What three tools could you not bare to live without?
A card bonefolder, used for flattening folds and making smooth creases. Secondly, a good quality paper trimmer – boring but essential. Finally, my Blackberry. My life is on there. I’m lost without it!
What gets the creative juices flowing?
Sometimes I have to take a break from it, whether it be for five minutes or for the rest of the day. I usually go and work on something else or catch up with my admin if the juices really aren’t flowing! Some days a field trip is in order – to the library, an art gallery or just a walk to check out architecture, surroundings and just to clear my head and thought process.
I feel if I keep working on something and I’m just not feeling it then it shows in the end product. If you are making something just for the sake of it then it usually shows and as a maker you view that work differently. I just want to be the best I can be and to make the best products. I keep telling my 6 year old never to give up, just keep trying and you will feel so proud. So I’ve got to try, really!
Are you inspired by any artists from the past or present?
I feel that subconsciously you are inspired from the world around you, retrieving the necessary information when it’s required. However there are many artists whose work I admire. I remember going to the Peggy Guggenheim Collection in Venice and seeing the work of Giacomo Balla from her private collection. Seeing first hand how he had captured movement in his work and in turn adding depth to the painting was remarkable. I know my style differs from his, yet I hope to convey the depth he did in my own work, drawing the viewer in to look more closely at the work itself. Jungmo Kwon and Jean-Michel Letellier are great modern day artists who’s work using paper is superb, stretching the possibilities of paper and what can be produced with it.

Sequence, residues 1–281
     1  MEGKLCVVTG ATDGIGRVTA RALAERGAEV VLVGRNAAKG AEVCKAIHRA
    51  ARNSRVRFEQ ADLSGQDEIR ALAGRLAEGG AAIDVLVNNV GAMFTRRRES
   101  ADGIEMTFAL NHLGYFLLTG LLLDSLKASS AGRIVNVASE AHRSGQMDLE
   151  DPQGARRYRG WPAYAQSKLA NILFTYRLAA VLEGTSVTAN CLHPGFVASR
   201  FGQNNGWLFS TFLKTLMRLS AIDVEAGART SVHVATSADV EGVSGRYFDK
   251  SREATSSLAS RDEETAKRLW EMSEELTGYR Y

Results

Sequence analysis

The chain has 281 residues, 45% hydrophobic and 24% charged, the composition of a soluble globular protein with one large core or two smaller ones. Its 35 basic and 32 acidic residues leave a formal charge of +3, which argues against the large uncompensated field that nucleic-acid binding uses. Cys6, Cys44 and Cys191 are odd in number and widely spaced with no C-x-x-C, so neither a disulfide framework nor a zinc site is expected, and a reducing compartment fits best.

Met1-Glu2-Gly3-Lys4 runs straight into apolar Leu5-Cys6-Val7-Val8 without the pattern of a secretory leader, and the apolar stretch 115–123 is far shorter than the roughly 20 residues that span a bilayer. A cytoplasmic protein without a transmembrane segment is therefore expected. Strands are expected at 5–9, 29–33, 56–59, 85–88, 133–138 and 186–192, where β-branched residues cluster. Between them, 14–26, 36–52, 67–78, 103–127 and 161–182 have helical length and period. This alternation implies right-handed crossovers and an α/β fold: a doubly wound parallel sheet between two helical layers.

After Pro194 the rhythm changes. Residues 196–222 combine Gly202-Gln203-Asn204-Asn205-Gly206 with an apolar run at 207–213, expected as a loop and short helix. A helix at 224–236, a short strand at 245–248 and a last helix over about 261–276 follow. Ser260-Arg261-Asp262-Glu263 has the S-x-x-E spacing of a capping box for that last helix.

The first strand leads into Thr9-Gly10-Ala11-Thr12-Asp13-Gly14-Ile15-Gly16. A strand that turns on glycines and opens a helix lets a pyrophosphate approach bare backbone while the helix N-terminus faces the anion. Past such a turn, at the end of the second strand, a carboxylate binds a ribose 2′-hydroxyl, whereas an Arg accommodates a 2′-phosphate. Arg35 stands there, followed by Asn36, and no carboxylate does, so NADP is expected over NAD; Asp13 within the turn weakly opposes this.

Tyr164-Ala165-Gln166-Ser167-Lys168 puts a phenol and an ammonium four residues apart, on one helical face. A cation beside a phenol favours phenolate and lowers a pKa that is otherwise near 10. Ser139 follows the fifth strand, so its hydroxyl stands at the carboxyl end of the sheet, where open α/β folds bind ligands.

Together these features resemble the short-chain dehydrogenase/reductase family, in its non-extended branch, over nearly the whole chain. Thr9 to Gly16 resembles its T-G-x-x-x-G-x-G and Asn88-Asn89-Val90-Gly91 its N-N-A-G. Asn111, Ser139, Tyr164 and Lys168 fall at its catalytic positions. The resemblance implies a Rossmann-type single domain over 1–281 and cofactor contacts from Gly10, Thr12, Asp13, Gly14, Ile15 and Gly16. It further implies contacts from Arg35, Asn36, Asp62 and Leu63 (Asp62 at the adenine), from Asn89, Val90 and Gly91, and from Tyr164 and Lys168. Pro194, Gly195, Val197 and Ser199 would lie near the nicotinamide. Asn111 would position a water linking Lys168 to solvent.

What do you love most about being a maker?
The freedom to experiment with lots of different mediums. I love the fact that there is no right or wrong, it’s subjective. There’s a market for most things in this eclectic world of ours.
Where would you like to be in 5 years time?
To keep making my products, growing the product range and to ship worldwide.
What would you say to any makers starting out?
If you are having a bad day or a period where you are struggling with ideas or sales then view it as a bad period, nothing else. Don’t dwell on it. As a crafts person you put so much pressure on yourself and self doubt can easily creep in, but without this self-critique would our products be the best they can be?
Know your market, be patient and keep doing what you love. If you make something with passion, the money will come. A bad day is temporary, but your creativity is permanent.Lastly, don’t underestimate the power of social media and how it can help your business.
The world is our marketplace now and there’s never been a better time to sell your work. The goalposts have changed – leaflets and business cards aren’t as important as a good web presence and Twitter account. It’s one more thing to learn and get to grips with, but those who do will find they not only build their sales, but accelerate them.